Flames it is! This one is called “Cinerator.” It’s made by Heaven Hill in Kentucky and it’s a Hot Cinnamonflavored Whiskey. As the lid is removed, I realize they weren’t kidding with the cinnamon. On the label it says 91.1 proof. (Yep… 9-1-1) This should be a treat, oh yeah. Because I already know that it’s cinnamon, it’s not a total surprise—that’s what it tastes like. What is a surprise is that the whiskey part of it is really smooth for a proof that high. There’s a little warmth at the bottom of the throat but it finishes quite well. The cinnamon is definitely playing lead on this number. I like it straight out of the glass and I think this would be a great addition to a hot drink or (my fave), egg nog. Unfortunately, I don’t have any in the fridge or I would be ears deep in a big mug of it. (Note to self: “Buy egg nog.”) The white bottle is a brand titled “RumChata.” This is a cream -based bevvie from…Wisconsin? Well, it is “America’s Dairyland”— says so right on the license plate. But, the “Chata” part of the name comes from horchata, which is originally from Spain. Horchata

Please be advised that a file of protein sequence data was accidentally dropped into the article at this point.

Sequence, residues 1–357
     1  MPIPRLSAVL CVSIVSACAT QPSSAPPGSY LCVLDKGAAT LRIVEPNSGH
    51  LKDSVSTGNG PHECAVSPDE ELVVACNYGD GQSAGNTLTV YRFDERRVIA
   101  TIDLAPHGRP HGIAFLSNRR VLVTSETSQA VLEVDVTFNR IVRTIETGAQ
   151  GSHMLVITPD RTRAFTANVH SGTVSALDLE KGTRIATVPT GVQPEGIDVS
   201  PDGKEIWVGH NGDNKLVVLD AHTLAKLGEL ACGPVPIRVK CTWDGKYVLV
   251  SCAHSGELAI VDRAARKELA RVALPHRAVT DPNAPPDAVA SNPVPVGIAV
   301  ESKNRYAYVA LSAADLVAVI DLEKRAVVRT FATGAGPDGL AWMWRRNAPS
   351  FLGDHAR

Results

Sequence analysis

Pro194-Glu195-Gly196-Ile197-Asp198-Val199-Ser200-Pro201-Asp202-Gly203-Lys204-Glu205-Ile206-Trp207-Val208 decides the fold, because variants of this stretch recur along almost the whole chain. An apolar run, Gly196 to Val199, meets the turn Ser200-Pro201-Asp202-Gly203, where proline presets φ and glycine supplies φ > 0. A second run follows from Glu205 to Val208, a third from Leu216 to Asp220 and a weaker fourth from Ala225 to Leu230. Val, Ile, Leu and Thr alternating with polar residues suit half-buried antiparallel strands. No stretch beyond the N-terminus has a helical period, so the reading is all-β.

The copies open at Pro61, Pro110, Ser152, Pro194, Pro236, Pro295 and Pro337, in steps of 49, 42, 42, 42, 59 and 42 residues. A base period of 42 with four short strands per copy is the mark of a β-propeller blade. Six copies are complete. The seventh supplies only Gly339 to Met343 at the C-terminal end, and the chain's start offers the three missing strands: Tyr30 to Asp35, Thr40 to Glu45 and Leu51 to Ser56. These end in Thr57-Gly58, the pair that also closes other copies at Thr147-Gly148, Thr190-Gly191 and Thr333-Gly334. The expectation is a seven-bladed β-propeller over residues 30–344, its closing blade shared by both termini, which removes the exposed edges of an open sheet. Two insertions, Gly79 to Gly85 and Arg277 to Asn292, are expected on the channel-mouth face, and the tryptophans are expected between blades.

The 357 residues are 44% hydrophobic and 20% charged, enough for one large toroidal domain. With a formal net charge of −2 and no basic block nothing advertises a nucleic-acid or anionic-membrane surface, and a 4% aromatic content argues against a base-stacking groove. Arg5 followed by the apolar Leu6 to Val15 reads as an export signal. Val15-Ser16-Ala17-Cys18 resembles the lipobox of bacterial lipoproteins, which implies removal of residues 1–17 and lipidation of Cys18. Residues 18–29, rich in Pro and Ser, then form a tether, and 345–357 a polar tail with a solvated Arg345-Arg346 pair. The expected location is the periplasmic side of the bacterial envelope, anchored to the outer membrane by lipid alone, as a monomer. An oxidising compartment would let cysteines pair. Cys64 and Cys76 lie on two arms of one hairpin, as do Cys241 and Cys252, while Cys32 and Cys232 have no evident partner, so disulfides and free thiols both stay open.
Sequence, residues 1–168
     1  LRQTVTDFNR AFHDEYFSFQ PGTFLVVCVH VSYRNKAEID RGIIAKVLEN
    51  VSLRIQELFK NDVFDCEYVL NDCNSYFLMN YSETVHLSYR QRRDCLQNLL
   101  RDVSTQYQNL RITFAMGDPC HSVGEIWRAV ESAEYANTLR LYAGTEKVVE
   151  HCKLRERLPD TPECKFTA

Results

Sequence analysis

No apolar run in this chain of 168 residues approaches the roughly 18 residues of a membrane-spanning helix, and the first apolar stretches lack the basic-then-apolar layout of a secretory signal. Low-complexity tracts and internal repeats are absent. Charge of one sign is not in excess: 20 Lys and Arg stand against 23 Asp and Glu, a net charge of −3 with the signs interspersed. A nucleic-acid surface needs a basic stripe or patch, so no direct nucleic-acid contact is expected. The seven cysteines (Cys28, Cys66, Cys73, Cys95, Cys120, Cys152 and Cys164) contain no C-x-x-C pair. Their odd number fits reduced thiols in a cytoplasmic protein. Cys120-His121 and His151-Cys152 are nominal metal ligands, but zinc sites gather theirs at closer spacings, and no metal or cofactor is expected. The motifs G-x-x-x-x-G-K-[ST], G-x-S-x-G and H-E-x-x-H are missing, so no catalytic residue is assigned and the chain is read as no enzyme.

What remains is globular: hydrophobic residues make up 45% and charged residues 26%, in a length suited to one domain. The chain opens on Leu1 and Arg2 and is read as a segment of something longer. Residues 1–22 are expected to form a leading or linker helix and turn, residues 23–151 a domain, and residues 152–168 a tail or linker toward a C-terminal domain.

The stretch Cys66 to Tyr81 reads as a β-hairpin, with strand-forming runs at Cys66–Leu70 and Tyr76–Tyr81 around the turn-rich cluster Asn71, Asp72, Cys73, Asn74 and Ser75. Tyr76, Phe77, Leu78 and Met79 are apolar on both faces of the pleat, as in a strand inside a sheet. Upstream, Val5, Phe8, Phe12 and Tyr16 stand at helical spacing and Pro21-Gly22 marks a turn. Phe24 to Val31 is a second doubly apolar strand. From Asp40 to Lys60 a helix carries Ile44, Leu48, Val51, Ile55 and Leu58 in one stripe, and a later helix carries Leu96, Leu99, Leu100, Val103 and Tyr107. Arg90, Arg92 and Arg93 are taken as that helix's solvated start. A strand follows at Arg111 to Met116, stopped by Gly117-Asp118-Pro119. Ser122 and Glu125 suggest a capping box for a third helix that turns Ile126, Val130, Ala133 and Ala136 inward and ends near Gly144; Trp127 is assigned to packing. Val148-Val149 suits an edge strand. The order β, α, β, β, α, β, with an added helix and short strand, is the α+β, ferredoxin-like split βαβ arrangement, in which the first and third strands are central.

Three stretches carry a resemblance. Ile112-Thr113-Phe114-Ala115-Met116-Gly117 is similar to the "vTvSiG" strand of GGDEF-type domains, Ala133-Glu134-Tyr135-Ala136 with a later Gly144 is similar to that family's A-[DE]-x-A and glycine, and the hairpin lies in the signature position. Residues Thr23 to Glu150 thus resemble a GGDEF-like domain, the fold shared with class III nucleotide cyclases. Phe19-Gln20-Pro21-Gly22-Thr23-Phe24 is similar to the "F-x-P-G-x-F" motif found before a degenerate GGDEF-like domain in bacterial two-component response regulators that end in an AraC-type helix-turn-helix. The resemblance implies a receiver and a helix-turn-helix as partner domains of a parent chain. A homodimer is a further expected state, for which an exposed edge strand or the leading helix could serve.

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is a blend of rice, vanilla, sugar and cinnamon and what these folks do is blend it with Caribbean rum and fresh dairy cream. Before opening it, I’m thinking Irish Cream. But a twist of the gold lid tells my nose that this is not the case. This 27.5 proof liqueur smells more like pudding. It pours thick over the ice I’ve placed in the glass. Mmm… yummy! I like this stuff! Although it’s great on its own, the possibilities to mix this with other beverages are almost endless. It would be very nice indeed in coffee, but it could be creatively used in martinis and shots as well. (Note to self: “Buy everything else.”) As far as sprits go, these friends are a Devil and an Angel. When they greet you, the Cinerator will slap you on the back and RumChata will give you a hug. Both are equally kind and welcomed. So as the season of shiny objects draws to a close and you’re reminiscing over the year that was 2013, feel confident that having one of these as company will have you and Grumpy Cat Twerking Gangnam Style into the New Year. Cheers!